So now we have:

“Lord/Sir, if you carried off him, tell me where…”

Then comes:


The first four letters are ΕΘΗΚ — ethek, but the writer has left off the ending.  The whole word would be ΕΘΗΚΑC — ethekas — meaning “[you] have laid.”  That is followed by the abbreviation for AUTON (AVT) that we have already seen, and so we know AUTON means “him.”  The last four letters form the combined word KAΓω — KAGO –, and the two words put together to make it are ΚΑΙ ΕΓω, kai ego, meaning “and I.”

Adding that to what we already have, it gives us:

Lord/Sir, if you carried off him tell me where you have laid him, and I...”

Then come the last words of Mary’s little speech:

Here the word AYTON — auton, which we saw earlier in its shortened form, is spelled out in full.  You will recall it means “him.”  Next comes a ligature, the letters A and P (R) joined, so the last word is ARω — ARO, meaning ” [I] will take away.”

So the inscription, in our rather literal translation so far, is

Lord/Sir, if you carried off him tell me where you have laid him, and I him will take away.

If we put that into more normal English order, we get,

Sir, if you carried him off, tell me where you have laid him, and I will take him away.

Now keep in mind that you did not have to know the entire inscription to know what it was.  You determined that from the first few words, seen in the context of the image shown — Mary kneeling before the resurrected Jesus.  Then all you had to do was to find those few words in the Greek text of the New Testament where the story of Mary before the resurrected Jesus is told.  Using that process enables one to recognize a great many inscriptions without knowing the entire vocabulary of the text at first glance.

We can see how useful that is if we look at another icon of the same type, also with a Greek inscription:

If we look at what Mary is saying to Jesus in this example, we find it to be:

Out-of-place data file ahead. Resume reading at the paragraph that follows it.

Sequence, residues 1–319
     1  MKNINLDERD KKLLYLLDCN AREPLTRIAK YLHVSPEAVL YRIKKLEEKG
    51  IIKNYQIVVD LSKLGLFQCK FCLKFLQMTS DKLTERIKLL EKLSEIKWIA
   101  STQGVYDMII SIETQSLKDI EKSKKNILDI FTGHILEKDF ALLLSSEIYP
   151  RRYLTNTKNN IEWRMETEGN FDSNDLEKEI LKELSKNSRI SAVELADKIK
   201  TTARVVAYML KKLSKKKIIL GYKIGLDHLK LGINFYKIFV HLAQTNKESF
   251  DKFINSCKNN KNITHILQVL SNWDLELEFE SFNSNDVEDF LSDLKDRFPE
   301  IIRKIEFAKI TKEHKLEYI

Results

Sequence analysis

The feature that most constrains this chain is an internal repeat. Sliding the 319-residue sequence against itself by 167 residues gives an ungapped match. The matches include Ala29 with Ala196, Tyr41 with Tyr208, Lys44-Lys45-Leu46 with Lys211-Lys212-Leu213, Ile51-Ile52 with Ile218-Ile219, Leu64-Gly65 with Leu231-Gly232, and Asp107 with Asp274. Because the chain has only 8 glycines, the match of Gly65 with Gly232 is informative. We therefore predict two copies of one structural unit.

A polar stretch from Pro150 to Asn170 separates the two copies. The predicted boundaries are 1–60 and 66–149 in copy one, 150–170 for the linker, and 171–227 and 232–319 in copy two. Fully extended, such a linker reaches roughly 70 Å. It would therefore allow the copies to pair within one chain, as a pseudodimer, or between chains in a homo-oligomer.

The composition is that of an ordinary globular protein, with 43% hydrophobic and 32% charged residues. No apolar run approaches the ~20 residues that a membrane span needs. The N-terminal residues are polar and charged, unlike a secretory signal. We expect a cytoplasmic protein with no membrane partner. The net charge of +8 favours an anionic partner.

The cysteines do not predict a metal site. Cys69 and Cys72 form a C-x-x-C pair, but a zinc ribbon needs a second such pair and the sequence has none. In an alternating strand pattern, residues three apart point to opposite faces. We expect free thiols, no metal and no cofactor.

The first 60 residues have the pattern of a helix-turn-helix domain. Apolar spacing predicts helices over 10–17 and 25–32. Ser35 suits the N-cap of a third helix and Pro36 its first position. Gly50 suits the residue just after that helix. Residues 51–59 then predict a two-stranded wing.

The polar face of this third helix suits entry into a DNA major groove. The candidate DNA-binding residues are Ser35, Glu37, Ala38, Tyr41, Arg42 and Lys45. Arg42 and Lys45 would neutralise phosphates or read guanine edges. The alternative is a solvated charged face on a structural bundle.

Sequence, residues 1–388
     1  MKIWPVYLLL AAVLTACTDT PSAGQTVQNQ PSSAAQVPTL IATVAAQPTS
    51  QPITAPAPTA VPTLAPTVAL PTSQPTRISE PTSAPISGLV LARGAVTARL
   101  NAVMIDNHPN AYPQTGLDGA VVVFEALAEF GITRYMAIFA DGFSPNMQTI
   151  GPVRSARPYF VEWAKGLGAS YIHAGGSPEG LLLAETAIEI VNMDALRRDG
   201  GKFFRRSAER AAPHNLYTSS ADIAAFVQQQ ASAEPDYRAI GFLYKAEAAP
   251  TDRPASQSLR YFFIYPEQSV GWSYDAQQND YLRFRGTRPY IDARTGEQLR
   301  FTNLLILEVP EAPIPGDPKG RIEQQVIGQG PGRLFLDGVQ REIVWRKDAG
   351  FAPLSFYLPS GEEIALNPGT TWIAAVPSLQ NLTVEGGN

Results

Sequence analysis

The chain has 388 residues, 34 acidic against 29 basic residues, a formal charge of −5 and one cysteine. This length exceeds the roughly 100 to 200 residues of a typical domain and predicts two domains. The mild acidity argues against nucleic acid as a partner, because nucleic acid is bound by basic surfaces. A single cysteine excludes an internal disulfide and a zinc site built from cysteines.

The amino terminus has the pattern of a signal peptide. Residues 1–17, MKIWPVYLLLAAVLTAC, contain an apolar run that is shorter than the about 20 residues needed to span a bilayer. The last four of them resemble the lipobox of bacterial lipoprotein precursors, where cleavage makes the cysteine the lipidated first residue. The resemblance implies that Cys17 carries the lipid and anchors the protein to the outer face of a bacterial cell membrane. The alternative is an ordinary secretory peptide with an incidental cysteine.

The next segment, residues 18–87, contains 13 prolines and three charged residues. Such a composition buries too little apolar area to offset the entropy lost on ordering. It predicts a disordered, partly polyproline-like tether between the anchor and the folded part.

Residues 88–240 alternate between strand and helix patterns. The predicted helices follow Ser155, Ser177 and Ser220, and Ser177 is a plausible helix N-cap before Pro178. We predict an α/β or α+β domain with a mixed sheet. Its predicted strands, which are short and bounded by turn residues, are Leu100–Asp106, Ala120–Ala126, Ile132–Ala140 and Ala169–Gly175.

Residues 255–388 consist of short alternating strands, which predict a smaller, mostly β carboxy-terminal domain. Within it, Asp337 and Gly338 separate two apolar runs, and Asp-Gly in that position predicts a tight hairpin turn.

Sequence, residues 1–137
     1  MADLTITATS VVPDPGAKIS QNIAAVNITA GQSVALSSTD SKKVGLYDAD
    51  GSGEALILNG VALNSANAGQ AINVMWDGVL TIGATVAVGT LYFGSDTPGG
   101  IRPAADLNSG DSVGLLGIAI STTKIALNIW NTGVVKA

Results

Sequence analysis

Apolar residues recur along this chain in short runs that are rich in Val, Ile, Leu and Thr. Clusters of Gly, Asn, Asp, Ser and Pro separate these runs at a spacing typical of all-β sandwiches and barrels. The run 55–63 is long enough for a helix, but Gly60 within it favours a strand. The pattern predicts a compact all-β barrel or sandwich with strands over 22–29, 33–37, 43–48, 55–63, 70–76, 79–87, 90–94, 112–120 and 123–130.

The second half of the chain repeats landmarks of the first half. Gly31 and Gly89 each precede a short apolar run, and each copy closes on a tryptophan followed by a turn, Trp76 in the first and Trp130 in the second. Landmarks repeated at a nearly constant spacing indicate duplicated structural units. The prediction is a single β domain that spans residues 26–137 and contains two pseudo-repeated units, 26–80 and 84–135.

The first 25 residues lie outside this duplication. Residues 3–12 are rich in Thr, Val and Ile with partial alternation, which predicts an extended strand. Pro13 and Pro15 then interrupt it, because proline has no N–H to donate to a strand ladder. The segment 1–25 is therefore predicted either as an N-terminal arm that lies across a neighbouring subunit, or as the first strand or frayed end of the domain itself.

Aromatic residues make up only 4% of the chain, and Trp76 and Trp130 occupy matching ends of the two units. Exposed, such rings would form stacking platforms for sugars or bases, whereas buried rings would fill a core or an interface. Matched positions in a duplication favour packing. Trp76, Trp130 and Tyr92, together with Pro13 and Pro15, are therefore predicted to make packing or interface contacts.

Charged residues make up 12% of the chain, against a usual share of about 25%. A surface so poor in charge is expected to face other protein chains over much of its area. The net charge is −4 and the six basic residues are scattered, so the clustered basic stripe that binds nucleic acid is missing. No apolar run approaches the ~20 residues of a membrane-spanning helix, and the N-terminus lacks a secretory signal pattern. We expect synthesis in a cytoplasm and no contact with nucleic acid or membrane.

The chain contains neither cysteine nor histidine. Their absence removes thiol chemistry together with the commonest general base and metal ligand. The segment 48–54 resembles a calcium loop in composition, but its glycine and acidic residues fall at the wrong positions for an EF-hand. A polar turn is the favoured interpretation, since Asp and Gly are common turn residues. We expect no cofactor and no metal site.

It is very much the same as the inscription in the first example, with only slight differences in writing.  And the one word separated at the bottom is easy.  In Greek letters it is ΡΑΒΒΟΥΝΗ — RABBOUNI — an Aramaic word that means loosely “My Master/Teacher.”  That, according to the Gospel called “of John,” was the exclamation of Mary to Jesus when she finally recognized him.

Just for completeness, let’s deal with the other inscriptions one is likely to find on icons of this type.  First, there is the identifying inscription above Mary:

Picture 089

Picture 089

As you might guess, it just reads:


You probably noticed that the HAGIA is abbreviated.  In the name “Mary,” the A and Ρ (R) are joined, and the HE (H) is linked to the M in Η ΜΑΓΔΑΛΙΝΗ — “the Magdalene.”

And of course the title as a whole means “THE HOLY MARY THE MAGDALENE.”

There is also an inscription found in this type that you should already recognize from a previous posting.  For it, we will go back to this example in the first image:

The inscription is just above the empty grave of Jesus (with the graveclothes lying in it):

Ο ΑΓΙΟC ΤΑΦΟC — HO HAGIOS TAPHOS — “The Holy Sepulchre.”

Let’s also look back at that first image to see what Jesus is saying to Mary:


The IC at the top is of course just the standard abbreviation for “Jesus.”  But the inscription below it has the words of Jesus to Mary Magdalene:


In normal English that is “TOUCH ME NOT,” or more modern, “DO NOT TOUCH ME.”  That accounts for the common Latin title often given these images in the West, Noli Me Tangere, which is just the translation of Me Mou Aptou.

I hope you noticed that the letters ΜΗ are joined in a ligature, as are ΟΥ in the word ΜΟΥ, and there is another ligature joining the letters Π and Τ in ΑΠΤΟΥ.

Finally, let’s take a look at the title inscription of the whole image at the very top of the first example.  It is cut off in the photo, but we can fill in what is missing:



The After the Resurrection to the Magdalene Mary of the Savior Appearance

In normal English,


One will often find little variations in Greek spelling (as in ΕΓΕΡCΗΝ / ΕΓΕΡCΙΝ in the above example), but usually they are not severe enough to cause confusion.

You may also wish to know that this ME MOU APTOU icon type of Mary Magdalene and Jesus is another of those borrowings into Eastern Orthodox art from Western Catholic art, from the time when Venice controlled the island of Crete, and the icon painters there worked to supply both Greek Orthodox and Western Catholic markets for paintings.  You may have also noticed that Mary Magdalene’s head is bare in these icons, which is a little unusual, given that most women have their heads covered in icons.  But it is usual for Mary’s hair to be seen in these particular type, because the image was borrowed very closely from Western examples — and in the West, Mary Magdalene is often seen with head uncovered.